Published in

BioMed Central, BMC Microbiology, 1(8), p. 180

DOI: 10.1186/1471-2180-8-180



Export citation

Search in Google Scholar

Transcriptional regulation of subclass 5b fimbriae

Journal article published in 2008 by Maria D. Bodero, Elizabeth A. Harden, George P. Munson ORCID
This paper is made freely available by the publisher.
This paper is made freely available by the publisher.

Full text: Download

Green circle
Preprint: archiving allowed
Green circle
Postprint: archiving allowed
Green circle
Published version: archiving allowed
Data provided by SHERPA/RoMEO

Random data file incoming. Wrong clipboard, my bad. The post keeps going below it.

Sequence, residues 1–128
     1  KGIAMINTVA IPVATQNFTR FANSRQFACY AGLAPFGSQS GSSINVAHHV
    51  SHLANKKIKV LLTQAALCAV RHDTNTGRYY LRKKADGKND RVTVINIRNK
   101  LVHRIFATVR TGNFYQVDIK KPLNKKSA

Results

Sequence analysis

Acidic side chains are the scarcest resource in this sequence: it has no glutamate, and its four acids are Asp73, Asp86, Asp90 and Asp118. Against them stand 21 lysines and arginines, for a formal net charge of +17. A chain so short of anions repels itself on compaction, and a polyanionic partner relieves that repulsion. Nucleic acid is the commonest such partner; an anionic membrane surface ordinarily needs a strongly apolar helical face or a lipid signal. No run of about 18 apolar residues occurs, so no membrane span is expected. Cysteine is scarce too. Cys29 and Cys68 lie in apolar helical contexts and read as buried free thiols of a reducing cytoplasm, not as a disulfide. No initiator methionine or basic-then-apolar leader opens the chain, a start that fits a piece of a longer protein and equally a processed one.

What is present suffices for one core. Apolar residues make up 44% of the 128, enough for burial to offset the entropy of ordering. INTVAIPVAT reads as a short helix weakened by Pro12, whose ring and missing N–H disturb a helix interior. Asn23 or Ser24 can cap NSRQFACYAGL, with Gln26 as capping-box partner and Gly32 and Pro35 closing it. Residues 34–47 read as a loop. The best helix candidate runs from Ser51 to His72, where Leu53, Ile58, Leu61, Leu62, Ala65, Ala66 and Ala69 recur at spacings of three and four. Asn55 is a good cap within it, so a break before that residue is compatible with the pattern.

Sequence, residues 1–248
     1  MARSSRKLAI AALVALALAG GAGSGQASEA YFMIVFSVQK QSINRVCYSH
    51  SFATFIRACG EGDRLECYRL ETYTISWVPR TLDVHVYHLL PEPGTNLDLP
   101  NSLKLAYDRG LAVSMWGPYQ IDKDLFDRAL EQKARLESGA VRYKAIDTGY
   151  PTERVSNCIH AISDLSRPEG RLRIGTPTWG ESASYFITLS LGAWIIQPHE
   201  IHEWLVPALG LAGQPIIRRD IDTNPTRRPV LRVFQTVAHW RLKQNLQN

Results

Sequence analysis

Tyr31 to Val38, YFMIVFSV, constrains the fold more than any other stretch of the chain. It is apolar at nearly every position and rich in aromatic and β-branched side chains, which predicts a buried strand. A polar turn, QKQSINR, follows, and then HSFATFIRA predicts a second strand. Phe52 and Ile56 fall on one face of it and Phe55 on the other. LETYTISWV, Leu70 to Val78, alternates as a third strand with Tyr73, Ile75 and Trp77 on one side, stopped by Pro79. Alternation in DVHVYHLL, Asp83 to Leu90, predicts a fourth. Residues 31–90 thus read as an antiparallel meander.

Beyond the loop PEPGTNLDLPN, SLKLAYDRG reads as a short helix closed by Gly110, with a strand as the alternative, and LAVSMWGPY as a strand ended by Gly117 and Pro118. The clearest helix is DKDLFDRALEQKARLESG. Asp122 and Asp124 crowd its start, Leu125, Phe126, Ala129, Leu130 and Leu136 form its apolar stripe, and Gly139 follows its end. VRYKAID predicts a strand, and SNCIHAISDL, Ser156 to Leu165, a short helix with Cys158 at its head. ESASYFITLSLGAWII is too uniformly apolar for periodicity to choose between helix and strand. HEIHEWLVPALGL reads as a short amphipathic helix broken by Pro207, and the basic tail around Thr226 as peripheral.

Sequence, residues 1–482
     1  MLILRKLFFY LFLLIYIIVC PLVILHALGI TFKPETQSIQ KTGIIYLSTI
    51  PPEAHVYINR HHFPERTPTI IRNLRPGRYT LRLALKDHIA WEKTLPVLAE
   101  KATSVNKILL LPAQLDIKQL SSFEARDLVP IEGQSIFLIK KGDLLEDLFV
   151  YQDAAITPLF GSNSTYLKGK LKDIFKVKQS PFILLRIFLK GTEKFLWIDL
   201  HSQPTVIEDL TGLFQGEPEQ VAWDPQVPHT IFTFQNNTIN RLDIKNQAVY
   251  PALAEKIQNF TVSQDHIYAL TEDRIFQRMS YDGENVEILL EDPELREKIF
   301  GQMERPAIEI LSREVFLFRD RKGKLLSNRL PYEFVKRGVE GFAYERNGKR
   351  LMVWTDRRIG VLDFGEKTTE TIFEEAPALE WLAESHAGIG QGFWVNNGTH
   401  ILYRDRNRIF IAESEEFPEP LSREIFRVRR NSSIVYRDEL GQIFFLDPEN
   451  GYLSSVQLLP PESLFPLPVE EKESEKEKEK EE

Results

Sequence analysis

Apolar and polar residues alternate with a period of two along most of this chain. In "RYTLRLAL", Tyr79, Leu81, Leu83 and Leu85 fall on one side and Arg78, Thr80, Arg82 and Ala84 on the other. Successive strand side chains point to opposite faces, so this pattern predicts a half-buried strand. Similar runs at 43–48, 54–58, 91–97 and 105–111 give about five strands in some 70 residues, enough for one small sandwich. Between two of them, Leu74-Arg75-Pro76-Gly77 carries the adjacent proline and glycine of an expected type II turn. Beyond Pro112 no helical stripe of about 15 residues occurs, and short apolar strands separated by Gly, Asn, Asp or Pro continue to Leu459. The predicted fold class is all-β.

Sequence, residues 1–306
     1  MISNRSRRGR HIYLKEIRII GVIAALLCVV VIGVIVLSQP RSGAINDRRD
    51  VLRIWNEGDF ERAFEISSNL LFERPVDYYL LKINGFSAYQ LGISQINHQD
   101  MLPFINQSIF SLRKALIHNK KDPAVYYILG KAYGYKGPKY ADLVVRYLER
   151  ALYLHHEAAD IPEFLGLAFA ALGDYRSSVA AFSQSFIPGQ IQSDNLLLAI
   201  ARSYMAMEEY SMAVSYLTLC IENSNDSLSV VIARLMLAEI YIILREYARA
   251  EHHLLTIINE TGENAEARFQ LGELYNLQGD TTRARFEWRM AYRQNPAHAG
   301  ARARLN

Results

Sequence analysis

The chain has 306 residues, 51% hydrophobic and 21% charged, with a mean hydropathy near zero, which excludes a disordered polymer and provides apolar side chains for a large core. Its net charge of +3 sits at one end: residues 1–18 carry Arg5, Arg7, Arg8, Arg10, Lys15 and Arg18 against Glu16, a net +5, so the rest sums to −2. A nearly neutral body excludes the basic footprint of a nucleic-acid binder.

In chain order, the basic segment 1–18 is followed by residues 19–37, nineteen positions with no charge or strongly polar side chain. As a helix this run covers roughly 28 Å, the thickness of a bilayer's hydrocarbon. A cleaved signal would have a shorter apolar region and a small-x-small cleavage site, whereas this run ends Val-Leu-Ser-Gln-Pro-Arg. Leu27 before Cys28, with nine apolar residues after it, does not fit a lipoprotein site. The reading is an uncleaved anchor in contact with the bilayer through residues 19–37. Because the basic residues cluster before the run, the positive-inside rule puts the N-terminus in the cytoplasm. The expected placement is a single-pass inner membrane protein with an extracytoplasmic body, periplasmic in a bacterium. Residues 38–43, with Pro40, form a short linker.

Abstract Background Enterotoxigenic Escherichia coli (ETEC) is a major cause of infant and child mortality in developing countries. This enteric pathogen causes profuse watery diarrhea by elaborating one or more enterotoxins that intoxicate eukaryotic cells and ultimately leads to a loss of water to the intestinal lumen. Virulence is also dependent upon fimbrial adhesins that facilitate colonization of the small intestine. Results The expression of CS1 fimbriae is positively regulated by Rns, a member of the AraC/XylS superfamily of transcriptional regulators. Based on fimbrial protein homology, CS1 fimbriae have been categorized as subclass 5b along with CS17, CS19, and PCFO71 fimbriae. In this study we show that Rns positively regulates the expression of these other subclass 5b members. DNase I footprinting revealed a Rns binding site adjacent to the -35 hexamer of each fimbrial promoter. The CS17 and PCFO71 fimbrial promoters carry a second Rns binding site centered at -109.5, relative to the Rns-dependent transcription start site. This second binding site is centered at -108.5 for the CS19 promoter. Mutagenesis of either site reduced Rns-dependent transcription from each promoter indicating that the molecules bound to these sites apparently function independently of one another, with each having an additive effect upon fimbrial promoter activation. Conclusion This study demonstrates that the ETEC virulence regulator Rns is required for the expression of all known 5b fimbriae. Since Rns is also known to control the expression of additional ETEC fimbriae, including those within subclasses 5a and 5c, the inactivation or inhibition of Rns could be an effective strategy to prevent ETEC infections.